Local search is more important than you think.
Whether your business sells products or provides services, local search optimization absolutely needs to be part of your marketing. And the reason why is simple: More consumers now use search engines as a starting point to find information.
Research from Google on local search intent found the following:
- 4 out of 5 of those surveyed indicated using search engines to conduct local searches
- 50 percent of local searches on mobile devices lead to store visits
- 34 percent of local search on computers or tablets lead to store visits
- 18 percent of local searches lead to purchases
Local searches are more likely to lead to sales.
Which is why visibility in the search results is so important.
But the first step is optimizing your site to rank for local keywords. Otherwise you lose potential customers to competing sites that are better optimized. So the question is how do you improve local search rankings?
Google relies on complex algorithms to deliver relevant results. There are hundreds of factors that are carefully evaluated from domain authority to social signals and content. Improving rankings starts with an understanding of these ranking factors and focusing on those aspects.
Here is a breakdown of local search engine ranking factors and how you can use this information to inform your marketing.
Local Search Ranking Factors
The 2015 Local Search Ranking Factors report is a survey that ranks individual ranking factors based on data compiled from leading SEO experts on local search.
Here is what the data looks like:
According to the data, the top ranking factor is On-Page Signals followed closely by Link Signals. Other factors with a major impact on rankings is My Business Signals and External Location Signals. The most important takeaway is that Google is now focusing more on quality.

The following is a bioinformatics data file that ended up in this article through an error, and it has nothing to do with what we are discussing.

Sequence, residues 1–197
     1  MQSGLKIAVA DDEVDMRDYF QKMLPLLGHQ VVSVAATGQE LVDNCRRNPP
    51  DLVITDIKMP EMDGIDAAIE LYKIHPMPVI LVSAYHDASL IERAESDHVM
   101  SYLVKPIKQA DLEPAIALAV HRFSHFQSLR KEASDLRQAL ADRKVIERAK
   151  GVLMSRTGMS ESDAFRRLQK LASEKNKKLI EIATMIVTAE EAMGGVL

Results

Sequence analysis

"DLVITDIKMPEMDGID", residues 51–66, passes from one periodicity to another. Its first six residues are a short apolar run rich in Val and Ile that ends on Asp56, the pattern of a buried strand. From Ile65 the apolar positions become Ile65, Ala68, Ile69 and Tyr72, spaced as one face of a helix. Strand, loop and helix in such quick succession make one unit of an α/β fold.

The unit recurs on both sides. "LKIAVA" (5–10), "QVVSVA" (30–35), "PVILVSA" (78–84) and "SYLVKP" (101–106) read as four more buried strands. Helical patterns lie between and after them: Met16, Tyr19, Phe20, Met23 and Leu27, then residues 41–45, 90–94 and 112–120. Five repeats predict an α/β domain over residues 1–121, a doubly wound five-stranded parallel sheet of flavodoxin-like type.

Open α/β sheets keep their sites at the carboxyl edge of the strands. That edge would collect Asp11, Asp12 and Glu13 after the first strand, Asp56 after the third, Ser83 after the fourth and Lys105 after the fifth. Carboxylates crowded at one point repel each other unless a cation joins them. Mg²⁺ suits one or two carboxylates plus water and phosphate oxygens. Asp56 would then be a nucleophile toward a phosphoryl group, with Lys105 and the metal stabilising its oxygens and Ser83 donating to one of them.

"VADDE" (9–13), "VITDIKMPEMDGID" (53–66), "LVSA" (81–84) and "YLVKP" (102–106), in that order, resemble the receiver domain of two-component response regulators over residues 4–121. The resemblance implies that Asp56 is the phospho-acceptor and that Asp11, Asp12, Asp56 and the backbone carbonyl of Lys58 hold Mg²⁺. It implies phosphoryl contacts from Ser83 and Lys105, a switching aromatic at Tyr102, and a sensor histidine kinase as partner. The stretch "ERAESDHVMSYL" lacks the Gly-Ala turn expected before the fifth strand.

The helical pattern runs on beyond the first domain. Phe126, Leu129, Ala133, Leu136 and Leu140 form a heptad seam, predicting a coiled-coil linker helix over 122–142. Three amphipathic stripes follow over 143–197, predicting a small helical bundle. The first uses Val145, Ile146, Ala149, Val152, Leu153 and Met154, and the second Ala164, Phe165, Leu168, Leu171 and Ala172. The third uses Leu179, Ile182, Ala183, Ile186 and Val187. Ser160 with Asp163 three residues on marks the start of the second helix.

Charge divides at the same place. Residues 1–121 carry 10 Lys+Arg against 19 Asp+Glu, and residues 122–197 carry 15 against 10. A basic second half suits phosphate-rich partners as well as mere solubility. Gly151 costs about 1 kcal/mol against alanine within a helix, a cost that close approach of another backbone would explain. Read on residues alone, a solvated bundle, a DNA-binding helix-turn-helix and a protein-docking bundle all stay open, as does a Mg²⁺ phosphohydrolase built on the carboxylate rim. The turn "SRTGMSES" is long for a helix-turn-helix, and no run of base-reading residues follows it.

But what exactly do these “Signals” mean?
Let’s take a look at each one in more detail.
On-page optimization continues to be a major ranking factor.
Google looks at certain on-page components to determine relevancy from keyword usage to business information. Without those signals, your site stands little chance of ranking. Implement the following to better optimize your site:
- Include NAP: NAP stands for Name, Address, and Phone Number. Including this information on your pages is absolutely important. Because search engines use this data to determine which sites to display for local searches.
- Optimize titles: Similarly, you want to make sure to optimize page titles to include local keywords such as the city your business is based in. If you target multiple areas, create new pages that are optimized for that keyword.
- Be mobile friendly: Mobile friendliness is now a ranking factor. As more consumers use mobile devices to conduct local searches, your site needs to be mobile friendly.
A link from a relevant source carries a lot of weight in the search engines.